Pap Smear & Cervical Cancer Screening Specialist
Smriti Rana, MD, FACOG
Pap Smear & Cervical Cancer Screening Q & A
What is cervical cancer?
Cervical cancer is a condition in which cancer grows in the lower part of the patient’s uterus. This type of cancer is caused by HPV, a common virus transmitted through sexual contact. Women are at a higher risk of developing this condition if they use birth control pills, have a history of smoking, have many children, or have HIV.
Because cervical cancer often causes no symptoms in its earlier stages, many women don’t notice a problem until the cancer is advanced. For this reason, accurate cervical cancer screenings are essential
What is a pap smear?
A pap smear is a simple test in which Dr. Rana collects a small sample of cells from the patient’s cervix. She sends this sample to the lab, where it is analyzed. Results may be normal or abnormal.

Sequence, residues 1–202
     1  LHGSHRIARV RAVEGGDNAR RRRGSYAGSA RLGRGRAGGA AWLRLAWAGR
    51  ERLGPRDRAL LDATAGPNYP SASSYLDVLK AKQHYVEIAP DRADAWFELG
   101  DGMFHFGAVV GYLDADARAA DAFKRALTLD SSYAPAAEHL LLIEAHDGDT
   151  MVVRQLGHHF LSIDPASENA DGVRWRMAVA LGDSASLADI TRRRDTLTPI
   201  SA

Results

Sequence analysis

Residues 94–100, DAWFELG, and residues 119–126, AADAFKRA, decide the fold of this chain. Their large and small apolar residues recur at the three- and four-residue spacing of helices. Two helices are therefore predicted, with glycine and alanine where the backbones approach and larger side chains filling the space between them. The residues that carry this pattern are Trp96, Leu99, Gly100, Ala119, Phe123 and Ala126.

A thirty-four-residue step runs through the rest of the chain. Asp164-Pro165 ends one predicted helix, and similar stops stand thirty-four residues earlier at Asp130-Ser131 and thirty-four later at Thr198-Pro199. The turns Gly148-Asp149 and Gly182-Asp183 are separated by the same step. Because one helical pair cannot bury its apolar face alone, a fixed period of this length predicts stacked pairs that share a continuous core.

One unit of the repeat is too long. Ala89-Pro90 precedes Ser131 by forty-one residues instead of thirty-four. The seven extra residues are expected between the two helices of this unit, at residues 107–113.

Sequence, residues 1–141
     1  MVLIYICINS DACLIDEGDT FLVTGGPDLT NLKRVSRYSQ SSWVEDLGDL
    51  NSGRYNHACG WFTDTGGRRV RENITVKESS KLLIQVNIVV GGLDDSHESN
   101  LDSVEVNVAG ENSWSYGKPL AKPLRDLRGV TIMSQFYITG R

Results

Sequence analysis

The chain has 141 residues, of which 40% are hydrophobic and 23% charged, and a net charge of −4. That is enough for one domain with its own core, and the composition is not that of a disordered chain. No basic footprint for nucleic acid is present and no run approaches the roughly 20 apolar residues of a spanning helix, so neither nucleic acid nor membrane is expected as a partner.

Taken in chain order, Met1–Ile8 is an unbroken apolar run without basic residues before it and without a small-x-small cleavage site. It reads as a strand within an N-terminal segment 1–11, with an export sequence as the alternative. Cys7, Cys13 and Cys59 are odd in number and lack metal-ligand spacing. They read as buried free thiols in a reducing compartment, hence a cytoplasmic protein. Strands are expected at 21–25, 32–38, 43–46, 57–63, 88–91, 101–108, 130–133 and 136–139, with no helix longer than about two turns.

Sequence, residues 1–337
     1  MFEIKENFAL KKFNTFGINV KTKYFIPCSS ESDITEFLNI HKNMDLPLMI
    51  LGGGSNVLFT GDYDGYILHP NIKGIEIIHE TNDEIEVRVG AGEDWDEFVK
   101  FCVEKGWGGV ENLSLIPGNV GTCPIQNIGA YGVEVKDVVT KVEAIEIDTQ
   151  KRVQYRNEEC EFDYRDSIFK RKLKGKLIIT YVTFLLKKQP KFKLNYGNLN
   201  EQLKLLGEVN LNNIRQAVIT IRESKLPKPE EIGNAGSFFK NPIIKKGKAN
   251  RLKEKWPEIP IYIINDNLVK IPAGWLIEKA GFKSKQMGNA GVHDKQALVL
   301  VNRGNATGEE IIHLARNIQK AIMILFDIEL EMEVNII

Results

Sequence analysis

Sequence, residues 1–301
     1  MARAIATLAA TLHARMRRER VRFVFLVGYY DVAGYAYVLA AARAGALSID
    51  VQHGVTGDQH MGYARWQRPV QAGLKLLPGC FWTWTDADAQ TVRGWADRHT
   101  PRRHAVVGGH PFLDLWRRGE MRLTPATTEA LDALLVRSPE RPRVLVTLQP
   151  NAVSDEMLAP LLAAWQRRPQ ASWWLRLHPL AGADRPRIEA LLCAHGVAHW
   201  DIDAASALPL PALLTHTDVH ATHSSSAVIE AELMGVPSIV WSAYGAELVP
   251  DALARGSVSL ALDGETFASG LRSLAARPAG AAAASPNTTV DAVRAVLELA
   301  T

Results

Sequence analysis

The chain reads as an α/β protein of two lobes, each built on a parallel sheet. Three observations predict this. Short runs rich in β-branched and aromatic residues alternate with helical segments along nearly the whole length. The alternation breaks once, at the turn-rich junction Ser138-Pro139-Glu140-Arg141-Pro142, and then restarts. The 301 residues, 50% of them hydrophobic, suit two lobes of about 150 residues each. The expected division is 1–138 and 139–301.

After the age of 21, women should have a pap smear at least once every 3 years. For women over 30 who elect to have HPV testing, they should get pap smears once every 5 years instead. Pap smears may not be necessary after the age of 65.
Is it painful?
During the test, patients are on their backs with their feet in stirrups, and Dr. Rana inserts a speculum to visualize the cervix before collecting the sample. To collect the sample, she uses a small instrument to gently scrape some cells from the cervix. Most patients report little-to-no pain during a pap smear. If patients feel any discomfort, they should mention it to Dr. Rana
What does an abnormal result mean?
An abnormal result means that the cells collected during the pap smear didn’t appear completely normal. However, this doesn’t always mean that the patient has cancer. An abnormal test may indicate cancerous cells, precancerous cells, or atypical benign cells. After an abnormal result, Dr. Rana recommends further testing. Depending on the specifics, the patient may need an HPV test and a biopsy.
How should patients prepare for a pap smear?
In the 24 hours before a pap smear, patients shouldn’t use tampons, have intercourse, or douche. Before the test, patients should tell Dr. Rana if they’ve experienced an abnormal pap smear in the past or if they might be pregnant.